Viewed January 30th
In the aftermath of the Civil War, an unrepentant Southern rebel searches for the Comanche tribe who kidnapped his niece.
Despite this film's enduring reputation among cineastes and filmmakers, I have, in the past, found The Searchers a strange viewing experience. There's the dark obsession and the portrait of toxic racial animosity; there's the surreal Monument Valley landscape photographed in some of the most lush technicolor in the history of Hollywood; and there's John Wayne in perhaps his most haunting performance. This is the stuff that famously inspired Taxi Driver. But there's also the broad comedic strokes; and there's the continual return to scenes of the domestic life of the Jorgenson clan; and, at the core of those scenes, there's the Martin-Laurie love story. I would find myself wanting director John Ford to focus exclusively on the dark, serious parts of the film, on the revenge and its implications for the American mindset, and ditch the other, lighter elements. But in this viewing, I came to appreciate the entire package. It's two-handed approach really is what ultimately makes The Searchers so indomitable and what makes its problematic aspects even more incendiary. Led by John Wayne's performance, it is a mythic American film par excellence. The myth is repulsive, but that doesn't make the previous statement any less true.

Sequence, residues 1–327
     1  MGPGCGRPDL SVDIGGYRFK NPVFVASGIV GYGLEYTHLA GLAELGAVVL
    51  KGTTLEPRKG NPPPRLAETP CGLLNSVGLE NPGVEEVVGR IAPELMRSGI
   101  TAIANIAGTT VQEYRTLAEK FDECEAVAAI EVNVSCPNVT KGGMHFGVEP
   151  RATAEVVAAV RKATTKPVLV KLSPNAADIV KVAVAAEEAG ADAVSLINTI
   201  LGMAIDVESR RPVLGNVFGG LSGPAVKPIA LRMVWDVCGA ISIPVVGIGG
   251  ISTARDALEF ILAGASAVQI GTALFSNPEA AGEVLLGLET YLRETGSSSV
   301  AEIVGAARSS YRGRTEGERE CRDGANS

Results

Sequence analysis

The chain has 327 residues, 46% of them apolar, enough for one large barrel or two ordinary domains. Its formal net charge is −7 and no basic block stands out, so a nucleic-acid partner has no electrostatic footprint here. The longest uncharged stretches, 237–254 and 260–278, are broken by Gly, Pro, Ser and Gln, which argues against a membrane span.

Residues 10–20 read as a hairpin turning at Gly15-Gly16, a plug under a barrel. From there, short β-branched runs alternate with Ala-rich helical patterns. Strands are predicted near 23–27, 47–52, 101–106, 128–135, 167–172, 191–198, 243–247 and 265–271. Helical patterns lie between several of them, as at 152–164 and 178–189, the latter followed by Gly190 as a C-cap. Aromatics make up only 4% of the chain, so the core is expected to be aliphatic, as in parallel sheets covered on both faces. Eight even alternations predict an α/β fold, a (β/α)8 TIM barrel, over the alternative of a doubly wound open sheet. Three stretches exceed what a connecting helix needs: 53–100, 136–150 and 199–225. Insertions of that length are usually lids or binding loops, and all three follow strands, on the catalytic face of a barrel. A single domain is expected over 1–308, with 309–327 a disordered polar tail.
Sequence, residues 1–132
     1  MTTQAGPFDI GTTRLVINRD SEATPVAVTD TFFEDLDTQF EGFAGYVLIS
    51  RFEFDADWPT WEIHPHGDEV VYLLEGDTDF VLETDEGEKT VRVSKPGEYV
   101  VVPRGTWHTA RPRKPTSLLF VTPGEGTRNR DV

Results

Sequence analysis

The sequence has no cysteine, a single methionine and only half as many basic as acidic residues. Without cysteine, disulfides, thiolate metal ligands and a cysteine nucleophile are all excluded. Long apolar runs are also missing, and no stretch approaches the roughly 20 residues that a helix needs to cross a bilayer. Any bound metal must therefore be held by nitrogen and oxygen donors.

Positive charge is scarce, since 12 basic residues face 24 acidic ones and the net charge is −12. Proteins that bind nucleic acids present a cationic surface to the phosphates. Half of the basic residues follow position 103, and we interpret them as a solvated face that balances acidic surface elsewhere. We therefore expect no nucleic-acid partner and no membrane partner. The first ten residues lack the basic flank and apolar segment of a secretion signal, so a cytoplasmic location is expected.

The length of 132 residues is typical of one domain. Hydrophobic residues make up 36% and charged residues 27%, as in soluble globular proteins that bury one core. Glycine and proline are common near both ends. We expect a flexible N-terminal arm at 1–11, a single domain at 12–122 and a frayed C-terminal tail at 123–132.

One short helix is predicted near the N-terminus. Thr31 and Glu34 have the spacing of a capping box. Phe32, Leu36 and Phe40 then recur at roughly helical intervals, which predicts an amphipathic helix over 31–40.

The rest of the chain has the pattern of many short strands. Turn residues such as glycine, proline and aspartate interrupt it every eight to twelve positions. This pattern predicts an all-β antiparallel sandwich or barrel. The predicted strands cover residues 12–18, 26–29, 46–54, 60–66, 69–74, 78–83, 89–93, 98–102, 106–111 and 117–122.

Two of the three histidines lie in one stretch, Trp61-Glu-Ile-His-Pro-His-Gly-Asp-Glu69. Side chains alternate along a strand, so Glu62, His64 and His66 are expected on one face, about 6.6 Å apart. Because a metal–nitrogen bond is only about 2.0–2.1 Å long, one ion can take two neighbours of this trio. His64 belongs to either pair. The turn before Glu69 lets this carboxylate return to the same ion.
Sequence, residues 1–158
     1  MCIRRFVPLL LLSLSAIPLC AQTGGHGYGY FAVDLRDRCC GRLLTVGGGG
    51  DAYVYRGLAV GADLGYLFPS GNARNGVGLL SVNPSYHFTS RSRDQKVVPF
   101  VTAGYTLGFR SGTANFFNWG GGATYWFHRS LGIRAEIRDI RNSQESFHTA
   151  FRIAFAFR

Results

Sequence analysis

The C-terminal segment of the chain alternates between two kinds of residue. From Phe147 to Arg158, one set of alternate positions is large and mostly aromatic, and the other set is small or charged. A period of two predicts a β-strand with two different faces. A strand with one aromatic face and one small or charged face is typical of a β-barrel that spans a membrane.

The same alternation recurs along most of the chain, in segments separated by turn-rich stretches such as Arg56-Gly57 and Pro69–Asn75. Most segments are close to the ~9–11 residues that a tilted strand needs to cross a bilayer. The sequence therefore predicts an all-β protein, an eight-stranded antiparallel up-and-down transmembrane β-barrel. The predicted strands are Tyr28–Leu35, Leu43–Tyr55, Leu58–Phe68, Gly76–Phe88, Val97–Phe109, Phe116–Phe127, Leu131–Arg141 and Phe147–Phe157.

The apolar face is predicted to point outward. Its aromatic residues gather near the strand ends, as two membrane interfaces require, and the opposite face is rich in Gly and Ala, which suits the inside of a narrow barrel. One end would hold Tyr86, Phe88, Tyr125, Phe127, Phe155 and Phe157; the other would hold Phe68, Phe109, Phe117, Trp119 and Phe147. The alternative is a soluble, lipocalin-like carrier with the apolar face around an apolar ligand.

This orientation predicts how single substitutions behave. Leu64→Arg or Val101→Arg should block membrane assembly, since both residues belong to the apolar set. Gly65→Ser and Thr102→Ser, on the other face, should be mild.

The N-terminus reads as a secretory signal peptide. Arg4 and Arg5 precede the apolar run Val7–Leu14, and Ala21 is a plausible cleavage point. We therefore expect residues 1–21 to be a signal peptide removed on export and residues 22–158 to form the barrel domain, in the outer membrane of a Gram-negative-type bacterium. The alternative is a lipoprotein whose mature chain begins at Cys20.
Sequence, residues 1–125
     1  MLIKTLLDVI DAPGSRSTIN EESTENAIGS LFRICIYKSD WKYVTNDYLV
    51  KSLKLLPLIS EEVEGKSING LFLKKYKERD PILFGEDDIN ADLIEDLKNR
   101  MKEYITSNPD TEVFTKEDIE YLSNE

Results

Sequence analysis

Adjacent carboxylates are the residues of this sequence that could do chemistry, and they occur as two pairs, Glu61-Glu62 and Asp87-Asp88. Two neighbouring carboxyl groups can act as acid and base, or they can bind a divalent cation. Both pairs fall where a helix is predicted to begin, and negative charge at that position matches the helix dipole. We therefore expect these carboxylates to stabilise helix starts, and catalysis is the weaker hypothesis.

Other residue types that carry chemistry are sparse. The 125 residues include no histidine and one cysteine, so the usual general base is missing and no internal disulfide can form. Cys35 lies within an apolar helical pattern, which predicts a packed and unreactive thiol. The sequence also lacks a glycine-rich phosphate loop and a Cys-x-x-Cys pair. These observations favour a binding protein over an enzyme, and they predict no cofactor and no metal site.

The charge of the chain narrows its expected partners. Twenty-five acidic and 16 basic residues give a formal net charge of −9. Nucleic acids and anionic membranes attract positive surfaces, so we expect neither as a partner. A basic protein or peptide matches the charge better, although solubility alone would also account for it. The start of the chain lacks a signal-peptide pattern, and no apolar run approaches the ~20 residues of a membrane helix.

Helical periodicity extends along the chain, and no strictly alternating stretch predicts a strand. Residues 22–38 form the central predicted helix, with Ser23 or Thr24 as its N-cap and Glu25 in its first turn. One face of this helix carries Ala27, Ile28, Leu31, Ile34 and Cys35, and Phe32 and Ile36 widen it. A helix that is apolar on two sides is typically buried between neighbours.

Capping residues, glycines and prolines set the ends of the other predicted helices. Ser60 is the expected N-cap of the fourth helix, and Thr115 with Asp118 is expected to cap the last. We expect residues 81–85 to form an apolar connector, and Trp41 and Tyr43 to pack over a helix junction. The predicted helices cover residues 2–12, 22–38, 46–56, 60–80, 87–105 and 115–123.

I'm certainly not the first person to note this, but the key for viewing The Searchers lies in the iconic first and last shots, in which the seemingly endless untamed expanse of the American West is framed by the doorway of an interior space, a home. It's right there in that shot, the dichotomy of wildness and domesticity, lawlessness and civilization. And as with so many of Ford's films, but perhaps never so perfectly articulated as it is here, the myth being spun about this dichotomy is as follows: in order to secure that domestic space for tolerance and cultural refinement, white American men of European descent need to do nothing less than get their hands dirty by killing off the non-white natives. The "home" of Wayne's "Let's go home, Debbie," is a literal domestic space, but also the heimat of white colonial culture. This genocidal clearing of the ground for civilization, for home, is, in the myth of The Searchers, a necessary evil. And John Wayne is the cinematic embodiment of this myth. When you see him up on the screen you say "My God, it's John Wayne." He's there, a living breathing cinematic entity. In some sense every screening of The Searchers is a live event in which "John Wayne" (not the physical man playing this mythic figure, but the mythic figure created when the physical man is photographed) is reborn and lives in the present of every frame. "John Wayne" is a man who came in from the wild and returns to the wild, an odd sort of believer in a future without violence at every turn, but, at the same time, a bitter realist who believes that such a pleasant vision is not yet upon us. For Wayne, the pleasure of cultivating the home is for the younger generation, that's for Martin and Laurie. But for him, for his aging generation, in order to allow the ideal of home to exist, some dirty business still needs doing. In the myth of The Searchers, this type of man is called a "Texican." As the Mrs. Jorgenson character puts it: "It just so happens we be Texicans. Texican is nothin' but a human man way out on a limb, this year and next. Maybe for a hundred more. But I don't think it'll be forever. Some day, this country's gonna be a fine good place to be. Maybe it needs our bones in the ground before that time can come." And so John Wayne's odyssey involves leaving home and returning home, leaving home and returning home, demonstrating the pleasure of domestic safety in order to justify the necessity of genocidal violence. It's a right wing American mindset and it's fundamentally based on lies and racial fears spurred by sheer ignorance and intellectual laziness. As much as Ford puts thought into his portrayal and complications of the white frontiersman, he puts horrifyingly little energy into conceptualizing the other. If he did ever conceive of the Comanche as anything beyond a bloodthirsty rape and violence machine, his myth would fall apart. And the idea that the aging John Wayne is among the last of his type is belied in the present moment by the presence of President Donald J. Trump, who's whirred up an obsessive thirst for the blood of the other is the national mindset that's possibly as strong as it's been since the Civil War. Despite the promises of his myth, the necessary violence at the core of Ford's white supremacist vision is hardly winding down. The fact that it's only growing stronger suggests the process of revising these powerful cinematic myths remains necessary ground for filmmakers to clear.